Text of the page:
Dems offer bill to end tax break for investment-fund managers

Dems offer bill to end tax break for investment-fund managers
© Stefani Reynolds

Democratic Sen. Tammy BaldwinTammy Suzanne BaldwinIt's time for Congress to establish a national mental health crisis number The Hill's Morning Report - Presented by Better Medicare Alliance - Dems unveil impeachment measure; Vindman splits GOP The Hill's Morning Report - Presented by Better Medicare Alliance - Dems shift strategy on impeachment vote MORE (Wis.) and Rep. Bill PascrellWilliam (Bill) James PascrellHouse panel to consider temporarily repealing SALT deduction cap White House, Democrats edge closer to deal on trade White House, Democrats close to USMCA trade deal: report MORE (D-N.J.) on Wednesday reintroduced legislation to end the carried-interest tax break that benefits investment-fund managers, criticizing President TrumpDonald John TrumpSanders urges impeachment trial 'quickly' in the Senate US sending 20,000 troops to Europe for largest exercises since Cold War Barr criticizes FBI, says it's possible agents acted in 'bad faith' in Trump probe MORE for failing to end the "loophole" in his tax law despite pledging to do so during the 2016 election.

"It’s simply unfair for our workers to pay a higher tax rate than a millionaire on Wall Street, so President Trump needs to stand by his word, support our legislation and finally close the carried interest tax loophole for Wall Street,” Baldwin said in a statement.


The carried interest tax break allows some investment managers, such as private-equity fund managers, to have certain income taxed as capital gains rather than as ordinary income. The top rate on capital gains is 23.8 percent, including an investment tax for high earners created under ObamaCare, while the top rate for ordinary income is 37 percent.

Under the Democrats' legislation, carried-interest income would be taxed at ordinary-income rates instead of at capital gains rates.

Trump had called for an elimination of the carried-interest tax break when he ran for president. But the tax-cut law he signed in December 2017 did not end the tax preference. Instead, the law required investment managers to hold assets for at least three years in order to qualify for the tax preference, up from one year under previous law.

Democrats argue that the carried-interest preference should be eliminated because it allows investment-fund managers to pay a lower tax rate than middle-class workers.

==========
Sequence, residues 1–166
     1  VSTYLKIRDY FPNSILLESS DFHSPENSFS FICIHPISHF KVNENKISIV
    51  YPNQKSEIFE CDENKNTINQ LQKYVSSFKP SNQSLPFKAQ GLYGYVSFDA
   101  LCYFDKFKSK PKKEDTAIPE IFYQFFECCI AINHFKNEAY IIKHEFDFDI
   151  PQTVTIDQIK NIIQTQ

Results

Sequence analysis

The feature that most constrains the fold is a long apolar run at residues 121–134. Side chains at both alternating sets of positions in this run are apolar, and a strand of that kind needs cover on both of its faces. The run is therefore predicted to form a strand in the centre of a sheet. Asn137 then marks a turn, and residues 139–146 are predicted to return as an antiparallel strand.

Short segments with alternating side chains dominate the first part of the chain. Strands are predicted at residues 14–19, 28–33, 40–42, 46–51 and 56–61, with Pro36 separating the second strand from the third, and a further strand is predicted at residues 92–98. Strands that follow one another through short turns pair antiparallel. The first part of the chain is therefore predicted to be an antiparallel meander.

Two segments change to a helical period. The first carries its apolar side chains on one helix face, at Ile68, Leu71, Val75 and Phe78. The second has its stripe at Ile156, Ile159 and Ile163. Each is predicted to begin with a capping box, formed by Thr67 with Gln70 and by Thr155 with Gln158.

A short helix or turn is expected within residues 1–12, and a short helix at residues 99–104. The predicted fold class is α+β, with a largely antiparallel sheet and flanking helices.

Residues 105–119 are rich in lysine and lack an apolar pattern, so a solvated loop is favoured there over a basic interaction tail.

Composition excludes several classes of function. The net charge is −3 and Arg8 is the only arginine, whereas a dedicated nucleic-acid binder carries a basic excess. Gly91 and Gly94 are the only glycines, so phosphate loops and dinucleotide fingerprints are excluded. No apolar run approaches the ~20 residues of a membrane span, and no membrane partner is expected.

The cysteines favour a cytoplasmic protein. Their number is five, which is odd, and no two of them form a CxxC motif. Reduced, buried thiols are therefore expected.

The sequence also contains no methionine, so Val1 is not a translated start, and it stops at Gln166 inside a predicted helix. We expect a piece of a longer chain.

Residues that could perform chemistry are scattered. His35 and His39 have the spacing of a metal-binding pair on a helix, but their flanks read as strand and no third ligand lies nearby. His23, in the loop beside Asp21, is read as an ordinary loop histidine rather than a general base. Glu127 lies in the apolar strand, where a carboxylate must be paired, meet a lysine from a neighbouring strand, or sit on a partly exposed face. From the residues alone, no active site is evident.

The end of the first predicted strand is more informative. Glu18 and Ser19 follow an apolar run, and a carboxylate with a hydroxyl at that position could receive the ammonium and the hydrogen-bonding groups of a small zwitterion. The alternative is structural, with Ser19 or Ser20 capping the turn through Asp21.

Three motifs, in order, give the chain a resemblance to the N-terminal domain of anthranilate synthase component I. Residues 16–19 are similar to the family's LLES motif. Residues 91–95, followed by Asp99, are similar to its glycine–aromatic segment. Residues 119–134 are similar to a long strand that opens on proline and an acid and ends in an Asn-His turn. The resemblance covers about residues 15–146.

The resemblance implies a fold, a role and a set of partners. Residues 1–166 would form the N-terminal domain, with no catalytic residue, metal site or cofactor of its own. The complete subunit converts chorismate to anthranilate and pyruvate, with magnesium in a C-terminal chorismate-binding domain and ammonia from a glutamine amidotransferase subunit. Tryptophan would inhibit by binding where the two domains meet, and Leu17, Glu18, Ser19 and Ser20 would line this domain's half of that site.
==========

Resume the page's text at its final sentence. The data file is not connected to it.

“Millions of Americans filing their taxes are finding that the refunds they anticipated will not materialize this year," Pascrell said. "They and many other Americans are rightly outraged at a tax code that is badly skewed to favor of some of our wealthiest citizens and corporations.”

A number of other Democratic lawmakers have co-sponsored the legislation, including prominent freshman Rep. Alexandria Ocasio-CortezAlexandria Ocasio-CortezWarren proposes 'Blue New Deal' to protect oceans Trump tops list of most tweeted about politicians in 2019 Buttigieg campaign says 2000 people attended Iowa rally MORE (N.Y.), as well as Sens. Elizabeth WarrenElizabeth Ann WarrenThe media have fallen out of love with Bernie, but have voters? Buttigieg surrogate on candidate's past consulting work: 'I don't think it matters' Steyer rolls out 5B plan to invest in historically black colleges MORE (Mass.), Amy KlobucharAmy Jean KlobucharPoll: Biden leads Democratic field, Warren drops to third place 'Minor league cities' need new federal partnership The Hill's Morning Report - Sponsored by AdvaMed - Democrats to release articles of impeachment today MORE (Minn.) and Kirsten GillibrandKirsten GillibrandOvernight Defense: Bombshell report reveals officials misled public over progress in Afghanistan | Amazon accuses Trump of 'improper pressure' in Pentagon contract decision | House Judiciary holds final impeachment hearing Gillibrand demands hearing following release of 'Afghanistan Papers' White House, Congress near deal to give 12 weeks paid parental leave to all federal workers MORE (N.Y.), who are running for president.

A host of labor unions and liberal groups have endorsed the legislation, including the AFL-CIO, and the Patriotic Millionaires.

But the American Investment Council (AIC), which represents the private-equity industry, criticized the bill, arguing that it would hurt the economy.

“Sen. Baldwin and Rep. Pascrell’s discriminatory tax increase has been rejected repeatedly by economists, tax experts, and bipartisan congresses," AIC President and CEO Drew Maloney said in a statement. "This bill is a direct assault on capital gains treatment. It would unnecessarily harm entrepreneurs, business owners, endowments, pension funds, and American workers in every state and congressional district in the country.”

Americans for Tax Reform President Grover Norquist also criticized the bill.

“The left’s stated long-term goal is to tax all capital gains as ordinary income. Taxing carried interest is the opening salvo in this goal,” Norquist said in a statement. “On principle, carried interest should be taxed as capital gains not at artificially higher rates.”

The Joint Committee on Taxation has estimated that taxing carried interest as ordinary income would raise $14 billion over 10 years.